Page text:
15 Mar 2011

Restoring financial stability in the euro area

Christian Kopf

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The pricing of sovereign credit risk is a necessary component of the financial architecture of the European Monetary Union. However, unnecessarily high and volatile risk premia on government bonds are currently preventing effective financial intermediation within the euro area, thereby inhibiting its economic recovery. Several proposals have been made on how these risk premia should be brought down, namely i) permanent pooling of funding through joint bond issuance, ii) temporary liquidity assistance through multilateral funds, iii) debt buybacks using multilateral funds, and iv) debt restructuring.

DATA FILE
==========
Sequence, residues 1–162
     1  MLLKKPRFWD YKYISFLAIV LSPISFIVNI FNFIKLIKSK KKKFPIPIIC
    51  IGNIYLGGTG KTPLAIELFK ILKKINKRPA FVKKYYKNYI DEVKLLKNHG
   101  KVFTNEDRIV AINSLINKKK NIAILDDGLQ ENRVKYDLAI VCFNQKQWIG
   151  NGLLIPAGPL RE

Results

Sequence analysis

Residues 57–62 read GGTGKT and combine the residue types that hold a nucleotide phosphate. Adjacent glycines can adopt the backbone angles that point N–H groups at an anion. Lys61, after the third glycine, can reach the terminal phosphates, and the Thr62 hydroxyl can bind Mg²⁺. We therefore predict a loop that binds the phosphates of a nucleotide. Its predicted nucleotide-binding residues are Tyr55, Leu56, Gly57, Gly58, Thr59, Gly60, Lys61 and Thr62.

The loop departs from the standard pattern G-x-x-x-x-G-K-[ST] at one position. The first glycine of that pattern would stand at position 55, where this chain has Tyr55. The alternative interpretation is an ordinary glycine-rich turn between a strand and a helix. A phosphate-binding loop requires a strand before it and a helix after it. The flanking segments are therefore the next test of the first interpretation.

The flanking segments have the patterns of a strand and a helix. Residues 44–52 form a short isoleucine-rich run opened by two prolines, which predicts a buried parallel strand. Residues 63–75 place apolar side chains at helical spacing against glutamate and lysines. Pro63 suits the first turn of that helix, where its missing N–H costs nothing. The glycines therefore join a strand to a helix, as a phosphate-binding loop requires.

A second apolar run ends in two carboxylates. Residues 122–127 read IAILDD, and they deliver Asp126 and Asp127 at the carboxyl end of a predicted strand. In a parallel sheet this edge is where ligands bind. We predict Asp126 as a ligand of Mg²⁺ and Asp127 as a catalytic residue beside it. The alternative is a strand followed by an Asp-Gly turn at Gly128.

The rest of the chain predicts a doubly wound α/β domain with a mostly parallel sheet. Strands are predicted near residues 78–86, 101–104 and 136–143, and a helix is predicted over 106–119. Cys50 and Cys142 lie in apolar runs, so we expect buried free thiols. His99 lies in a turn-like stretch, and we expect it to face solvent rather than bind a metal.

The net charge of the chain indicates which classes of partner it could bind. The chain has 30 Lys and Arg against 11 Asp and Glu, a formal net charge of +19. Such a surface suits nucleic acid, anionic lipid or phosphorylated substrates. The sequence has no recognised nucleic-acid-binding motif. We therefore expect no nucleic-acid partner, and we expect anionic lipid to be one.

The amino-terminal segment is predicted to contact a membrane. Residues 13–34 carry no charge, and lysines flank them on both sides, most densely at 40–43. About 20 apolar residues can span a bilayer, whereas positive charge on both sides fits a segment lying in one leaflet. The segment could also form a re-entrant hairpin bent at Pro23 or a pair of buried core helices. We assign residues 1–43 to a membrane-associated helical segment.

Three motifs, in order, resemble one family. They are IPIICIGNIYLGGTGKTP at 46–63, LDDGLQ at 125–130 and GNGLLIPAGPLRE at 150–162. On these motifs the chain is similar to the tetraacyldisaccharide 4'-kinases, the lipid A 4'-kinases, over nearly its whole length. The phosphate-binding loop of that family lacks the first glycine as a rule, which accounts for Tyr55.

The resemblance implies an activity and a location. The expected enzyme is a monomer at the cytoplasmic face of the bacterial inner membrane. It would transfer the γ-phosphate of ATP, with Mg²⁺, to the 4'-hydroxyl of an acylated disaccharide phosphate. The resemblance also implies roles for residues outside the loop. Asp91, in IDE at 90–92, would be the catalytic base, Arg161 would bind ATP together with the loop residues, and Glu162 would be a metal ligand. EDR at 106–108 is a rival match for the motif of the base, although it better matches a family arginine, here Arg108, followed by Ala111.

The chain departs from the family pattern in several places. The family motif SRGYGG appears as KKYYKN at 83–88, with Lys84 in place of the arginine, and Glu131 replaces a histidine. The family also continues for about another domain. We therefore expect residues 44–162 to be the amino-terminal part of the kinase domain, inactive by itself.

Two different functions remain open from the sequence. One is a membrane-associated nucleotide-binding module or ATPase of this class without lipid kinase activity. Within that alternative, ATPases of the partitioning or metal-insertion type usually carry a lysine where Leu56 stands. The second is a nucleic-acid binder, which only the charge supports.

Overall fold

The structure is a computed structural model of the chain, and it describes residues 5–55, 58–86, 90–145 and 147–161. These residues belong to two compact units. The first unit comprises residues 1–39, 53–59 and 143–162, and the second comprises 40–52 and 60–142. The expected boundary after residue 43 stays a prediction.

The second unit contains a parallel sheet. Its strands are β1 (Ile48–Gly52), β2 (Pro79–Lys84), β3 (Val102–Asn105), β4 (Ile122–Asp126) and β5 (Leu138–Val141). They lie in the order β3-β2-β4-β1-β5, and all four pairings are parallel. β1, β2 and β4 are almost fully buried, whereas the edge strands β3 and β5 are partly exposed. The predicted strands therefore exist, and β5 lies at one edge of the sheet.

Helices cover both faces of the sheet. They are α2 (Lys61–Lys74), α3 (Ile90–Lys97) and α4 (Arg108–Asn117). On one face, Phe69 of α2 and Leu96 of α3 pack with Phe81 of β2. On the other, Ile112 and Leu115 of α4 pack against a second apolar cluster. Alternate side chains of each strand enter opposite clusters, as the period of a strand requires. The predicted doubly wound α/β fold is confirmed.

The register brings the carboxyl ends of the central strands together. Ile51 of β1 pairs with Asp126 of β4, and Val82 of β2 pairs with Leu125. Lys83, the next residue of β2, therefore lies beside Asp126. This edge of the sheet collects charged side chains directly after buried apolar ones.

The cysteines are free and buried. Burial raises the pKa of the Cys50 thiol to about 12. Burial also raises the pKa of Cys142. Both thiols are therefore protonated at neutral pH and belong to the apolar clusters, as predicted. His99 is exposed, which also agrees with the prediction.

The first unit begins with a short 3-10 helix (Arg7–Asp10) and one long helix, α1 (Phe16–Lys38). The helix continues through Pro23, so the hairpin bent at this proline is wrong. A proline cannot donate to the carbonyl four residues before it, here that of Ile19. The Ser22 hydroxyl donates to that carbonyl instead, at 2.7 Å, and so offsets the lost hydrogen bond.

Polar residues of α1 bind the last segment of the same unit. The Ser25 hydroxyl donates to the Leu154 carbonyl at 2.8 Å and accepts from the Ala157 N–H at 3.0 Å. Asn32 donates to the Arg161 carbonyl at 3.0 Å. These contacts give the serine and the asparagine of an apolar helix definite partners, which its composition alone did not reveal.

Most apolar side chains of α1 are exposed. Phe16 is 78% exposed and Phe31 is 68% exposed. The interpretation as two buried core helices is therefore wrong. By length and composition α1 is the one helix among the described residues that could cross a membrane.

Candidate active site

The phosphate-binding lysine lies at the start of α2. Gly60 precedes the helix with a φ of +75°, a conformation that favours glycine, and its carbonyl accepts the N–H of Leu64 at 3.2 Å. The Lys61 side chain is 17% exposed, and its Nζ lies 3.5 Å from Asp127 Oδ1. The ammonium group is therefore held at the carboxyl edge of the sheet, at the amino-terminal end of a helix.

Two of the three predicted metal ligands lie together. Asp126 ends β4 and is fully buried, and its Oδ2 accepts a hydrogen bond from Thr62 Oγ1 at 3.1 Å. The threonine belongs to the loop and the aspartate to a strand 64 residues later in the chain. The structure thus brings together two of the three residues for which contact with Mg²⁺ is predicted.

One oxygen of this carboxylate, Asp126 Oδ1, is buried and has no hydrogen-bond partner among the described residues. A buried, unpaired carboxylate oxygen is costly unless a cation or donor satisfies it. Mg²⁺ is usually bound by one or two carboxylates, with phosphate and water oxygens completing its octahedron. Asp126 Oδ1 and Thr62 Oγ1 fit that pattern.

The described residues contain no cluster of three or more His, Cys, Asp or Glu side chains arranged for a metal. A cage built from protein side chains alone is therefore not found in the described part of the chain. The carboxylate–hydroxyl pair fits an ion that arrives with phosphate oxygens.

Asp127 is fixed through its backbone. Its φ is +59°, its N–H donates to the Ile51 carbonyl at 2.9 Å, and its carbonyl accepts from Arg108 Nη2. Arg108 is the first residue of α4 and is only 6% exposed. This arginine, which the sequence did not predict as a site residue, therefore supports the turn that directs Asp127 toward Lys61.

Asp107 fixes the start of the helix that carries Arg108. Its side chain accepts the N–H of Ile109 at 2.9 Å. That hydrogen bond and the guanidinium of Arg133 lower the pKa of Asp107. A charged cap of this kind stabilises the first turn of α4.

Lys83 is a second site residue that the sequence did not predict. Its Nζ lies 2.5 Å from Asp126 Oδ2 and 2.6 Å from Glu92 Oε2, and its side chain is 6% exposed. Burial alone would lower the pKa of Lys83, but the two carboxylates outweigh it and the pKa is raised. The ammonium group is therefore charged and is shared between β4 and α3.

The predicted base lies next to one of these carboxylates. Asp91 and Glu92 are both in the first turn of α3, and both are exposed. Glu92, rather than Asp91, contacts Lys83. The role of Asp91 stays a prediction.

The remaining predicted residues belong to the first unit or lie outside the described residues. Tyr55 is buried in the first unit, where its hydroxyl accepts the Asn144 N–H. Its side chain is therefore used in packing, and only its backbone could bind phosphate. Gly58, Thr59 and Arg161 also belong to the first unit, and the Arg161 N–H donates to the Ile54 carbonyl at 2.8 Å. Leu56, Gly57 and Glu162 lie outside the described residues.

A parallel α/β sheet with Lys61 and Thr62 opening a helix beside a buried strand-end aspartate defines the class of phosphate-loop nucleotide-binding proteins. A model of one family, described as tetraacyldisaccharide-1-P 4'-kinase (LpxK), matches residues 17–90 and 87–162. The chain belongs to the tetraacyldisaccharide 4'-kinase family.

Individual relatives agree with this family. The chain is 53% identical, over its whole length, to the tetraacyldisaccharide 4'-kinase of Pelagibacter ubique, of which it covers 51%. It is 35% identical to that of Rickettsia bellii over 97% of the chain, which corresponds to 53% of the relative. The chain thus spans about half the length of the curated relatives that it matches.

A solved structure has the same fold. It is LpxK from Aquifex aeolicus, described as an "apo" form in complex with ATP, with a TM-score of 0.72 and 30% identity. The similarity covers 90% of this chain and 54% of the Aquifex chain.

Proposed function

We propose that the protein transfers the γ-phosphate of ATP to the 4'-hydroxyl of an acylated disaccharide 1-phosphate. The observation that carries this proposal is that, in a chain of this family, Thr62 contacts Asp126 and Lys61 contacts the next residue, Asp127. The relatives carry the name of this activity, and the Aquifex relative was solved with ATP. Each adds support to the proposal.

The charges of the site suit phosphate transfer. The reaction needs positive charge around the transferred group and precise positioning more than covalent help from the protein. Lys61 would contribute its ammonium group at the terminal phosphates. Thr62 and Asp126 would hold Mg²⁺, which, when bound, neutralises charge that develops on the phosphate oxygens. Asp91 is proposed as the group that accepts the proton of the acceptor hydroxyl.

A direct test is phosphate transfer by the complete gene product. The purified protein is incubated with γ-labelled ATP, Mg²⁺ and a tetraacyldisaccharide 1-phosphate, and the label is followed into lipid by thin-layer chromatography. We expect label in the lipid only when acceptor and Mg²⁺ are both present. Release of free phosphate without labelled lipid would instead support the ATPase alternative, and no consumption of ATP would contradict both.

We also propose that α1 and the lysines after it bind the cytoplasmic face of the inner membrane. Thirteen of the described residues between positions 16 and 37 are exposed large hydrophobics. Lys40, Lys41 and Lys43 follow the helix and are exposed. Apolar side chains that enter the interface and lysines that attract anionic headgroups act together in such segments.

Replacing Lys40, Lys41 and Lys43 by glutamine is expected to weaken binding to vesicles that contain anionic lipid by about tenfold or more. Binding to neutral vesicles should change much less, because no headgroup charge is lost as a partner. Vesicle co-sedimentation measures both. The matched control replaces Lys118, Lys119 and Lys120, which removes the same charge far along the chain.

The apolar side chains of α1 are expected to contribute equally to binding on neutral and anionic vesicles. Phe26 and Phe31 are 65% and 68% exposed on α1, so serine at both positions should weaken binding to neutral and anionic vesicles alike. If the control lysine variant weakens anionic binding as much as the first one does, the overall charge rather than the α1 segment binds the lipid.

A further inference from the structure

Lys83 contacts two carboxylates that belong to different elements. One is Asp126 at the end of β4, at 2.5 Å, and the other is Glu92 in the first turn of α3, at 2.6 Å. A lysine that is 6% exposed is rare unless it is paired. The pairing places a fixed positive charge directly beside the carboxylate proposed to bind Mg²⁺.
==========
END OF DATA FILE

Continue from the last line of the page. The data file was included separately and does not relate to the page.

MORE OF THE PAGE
This Policy Brief by Christian Kopf, Director of Economic Research and Investment Strategy of the Spinnaker Capital Group, UK, attempts to evaluate these four proposals. He argues that joint bond issuance will not achieve a meaningful reduction of liquidity premia in the sovereign bond market; these instruments would either create perverse incentives or accelerate the sovereign debt crisis for peripheral Europe. An institution to provide temporary liquidity assistance is a necessary addition to the institutional framework of EMU – there needs to be an EMF to complement the ECB. Debt buybacks using multilateral funds can be a very useful tool for solvent countries such as Spain; they can prevent an overshooting of risk premia that could turn a sovereign liquidity crisis into a solvency crisis. However, a quantitative assessment shows that debt buybacks at market prices are insufficient to correct Greece’s debt overhang. In the case of Greece, a voluntary exchange of existing government bonds into new obligations, complemented by a buyback option at a steep discount to face value, could restore sovereign creditworthiness and allow the private sector to regain market access at acceptable interest rates. In the absence of such an orderly and controlled public debt reduction, highly indebted euro area governments will likely opt to restructure their sovereign debt unilaterally, if they fail to regain market access after several years. This could have unwelcome consequences for financial stability in the euro area, which should be avoided through a creative and cooperative approach to the problem.
 

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